Highs and lows.
The next few weeks were a blur in my memory. I was trying to get used to my new sleeping patterns, to the new job, and to making plans for the future. Our flat was a small one bedroom place, very useful for a working couple who spent lots of time out partying, but not really the best place to bring a little baby into. We started looking at larger places, maybe a two bedroom flat or even a little cottage somewhere. Judy insisted that we cut out the drinking as she heard it was bad for the baby, and made me promise that if I had to smoke, it would be outside.
I seemed to be always tired, either I was working and tired, or at home and tired, but I tried my best to keep up with the planning and how Judy was doing. The doctor confirmed what we already knew, and set us up with a midwife visit, which started another round of cleaning and preparation.
It was about a month later, and I was on my first of 4 days of rest. Judy went to bed first, and it was around midnight when I crawled in and snuggled up to her back. She seemed to be sleeping peacefully, and I quickly fell asleep myself.
I was suddenly awake, conscious that the light was on and Judy was sitting up in bed, staring at her hand. Her hand that was covered in blood. I looked over to see a growing stain of blood on the bed between her legs. I didn’t know what to do, and Judy whispered at me to get her to the hospital.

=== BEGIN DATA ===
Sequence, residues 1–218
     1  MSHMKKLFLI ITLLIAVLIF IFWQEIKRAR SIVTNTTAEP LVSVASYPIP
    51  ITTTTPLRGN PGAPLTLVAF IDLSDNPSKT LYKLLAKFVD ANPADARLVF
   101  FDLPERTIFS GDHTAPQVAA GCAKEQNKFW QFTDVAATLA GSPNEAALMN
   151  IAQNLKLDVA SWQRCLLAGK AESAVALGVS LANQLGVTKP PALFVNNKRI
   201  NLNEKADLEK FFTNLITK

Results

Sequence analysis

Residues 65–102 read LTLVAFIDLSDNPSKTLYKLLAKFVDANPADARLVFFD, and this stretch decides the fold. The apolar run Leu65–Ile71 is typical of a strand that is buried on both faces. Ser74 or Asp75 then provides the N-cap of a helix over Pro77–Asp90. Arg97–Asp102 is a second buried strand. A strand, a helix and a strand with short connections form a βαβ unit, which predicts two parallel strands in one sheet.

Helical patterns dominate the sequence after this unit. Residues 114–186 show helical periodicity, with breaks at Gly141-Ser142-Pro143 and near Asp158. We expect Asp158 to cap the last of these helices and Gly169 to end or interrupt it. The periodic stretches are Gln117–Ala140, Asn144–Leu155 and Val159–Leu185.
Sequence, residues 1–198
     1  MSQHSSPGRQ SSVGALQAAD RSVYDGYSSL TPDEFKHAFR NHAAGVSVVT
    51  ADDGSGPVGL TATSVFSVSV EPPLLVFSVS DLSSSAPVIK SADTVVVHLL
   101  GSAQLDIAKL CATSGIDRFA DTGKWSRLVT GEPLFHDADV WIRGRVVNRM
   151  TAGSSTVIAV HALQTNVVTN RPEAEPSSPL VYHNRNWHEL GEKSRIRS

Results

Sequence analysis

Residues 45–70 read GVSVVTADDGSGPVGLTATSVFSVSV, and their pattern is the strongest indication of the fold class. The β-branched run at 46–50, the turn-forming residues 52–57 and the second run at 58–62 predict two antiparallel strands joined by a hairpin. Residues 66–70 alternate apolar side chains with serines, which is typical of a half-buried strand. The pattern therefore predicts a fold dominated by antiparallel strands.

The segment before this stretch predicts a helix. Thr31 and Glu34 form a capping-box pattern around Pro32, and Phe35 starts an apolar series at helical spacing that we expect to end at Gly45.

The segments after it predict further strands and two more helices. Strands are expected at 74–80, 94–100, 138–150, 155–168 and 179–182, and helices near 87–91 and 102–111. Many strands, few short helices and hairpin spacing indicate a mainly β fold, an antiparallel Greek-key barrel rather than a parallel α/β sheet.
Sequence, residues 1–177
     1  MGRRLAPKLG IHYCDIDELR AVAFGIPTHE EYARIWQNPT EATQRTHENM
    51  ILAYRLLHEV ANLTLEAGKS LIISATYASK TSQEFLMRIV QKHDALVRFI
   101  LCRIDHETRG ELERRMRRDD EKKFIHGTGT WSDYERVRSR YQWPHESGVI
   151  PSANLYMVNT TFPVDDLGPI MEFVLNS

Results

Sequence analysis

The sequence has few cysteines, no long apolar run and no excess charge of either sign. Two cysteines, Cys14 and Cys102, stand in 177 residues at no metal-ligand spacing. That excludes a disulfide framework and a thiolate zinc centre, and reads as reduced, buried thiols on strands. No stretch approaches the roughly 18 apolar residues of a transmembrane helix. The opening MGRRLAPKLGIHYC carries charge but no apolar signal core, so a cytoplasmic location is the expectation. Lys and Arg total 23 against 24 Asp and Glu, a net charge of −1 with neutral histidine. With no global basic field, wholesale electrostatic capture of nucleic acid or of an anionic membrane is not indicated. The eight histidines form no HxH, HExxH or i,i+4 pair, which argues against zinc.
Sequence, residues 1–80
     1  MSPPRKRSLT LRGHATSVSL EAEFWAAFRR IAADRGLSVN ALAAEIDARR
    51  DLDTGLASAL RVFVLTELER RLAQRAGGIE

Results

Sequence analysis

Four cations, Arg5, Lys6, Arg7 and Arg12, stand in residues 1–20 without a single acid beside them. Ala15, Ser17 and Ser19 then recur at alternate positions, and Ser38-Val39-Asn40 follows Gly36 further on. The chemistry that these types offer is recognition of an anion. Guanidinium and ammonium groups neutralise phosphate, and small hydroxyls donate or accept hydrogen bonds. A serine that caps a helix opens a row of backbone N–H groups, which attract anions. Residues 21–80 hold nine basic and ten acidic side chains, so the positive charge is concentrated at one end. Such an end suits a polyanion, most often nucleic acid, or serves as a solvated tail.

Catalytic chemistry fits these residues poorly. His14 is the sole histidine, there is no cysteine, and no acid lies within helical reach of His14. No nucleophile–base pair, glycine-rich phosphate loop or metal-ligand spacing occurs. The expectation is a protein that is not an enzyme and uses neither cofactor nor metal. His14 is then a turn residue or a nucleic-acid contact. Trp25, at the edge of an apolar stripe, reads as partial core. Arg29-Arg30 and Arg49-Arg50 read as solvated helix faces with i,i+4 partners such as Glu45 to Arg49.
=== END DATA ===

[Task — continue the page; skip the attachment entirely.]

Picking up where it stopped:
The trip there, the admittance, the waiting, all of that seems a blur to me. The one thing I remember clearly is when the doctor came out to talk to me.
“Mr. Platt?” he said. “First of all, let me say that you’re wife is doing fine, and should make a full recovery. However, I’m very sorry to tell you that she has lost the baby.” I know he said other things about the reasons for the miscarriage, about how we should be careful if we tried for any more children, but I was in too much shock to really take anything in. I was allowed to go in to see Judy, who burst into tears as I took her in my arms. We were both sobbing uncontrollably, and then the nurses suggested that she needed some sleep, so I left the hospital, and soon found myself standing by my car in the dark of the hospital parking lot.
It was crazy, so much had happened in so little time. It seemed that one moment I was a happy bachelor, running a successful pub, and the next I was a married man, with a responsible job in a factory. I was just coming to terms with being a father, but now it seemed I wasn’t going to be one. I couldn’t take all the sudden changes.
We hadn’t planned on starting a family, but somehow when Judy got pregnant it was as if it was all falling into place; marriage, job, children, just like everyone else. But now with this setback, what was going to happen to us? My emotions were all over the place. I was shocked and devastated, but, much as I don’t like to admit this, there was also a tinge of relief that I didn’t have to play the part of “Dad” yet. Of course, I would never have admitted that back then, not even to myself, but as I look back, I can recognize that emotion too.
I was still standing with my hand on the car door. I looked down at my car, a newer model now, but still a Jag. We had talked about getting rid of this and changing it for a family car, but it seemed that I didn’t have to give it up just yet. A sudden urge came over me. In the pre-dawn, I drove way out to the countryside, and, taking a deep breath, hit the accelerator. I drove like a lunatic for maybe 10 minutes, until, sweaty and breathless, I noticed another car in the distance. I slowed to a sensible speed and then drove back home.
I was calm again. It still hurt, and it was going to for several years to come. But at that moment, I felt like I had cheated death one more time, and I knew I could cope with whatever life threw at me.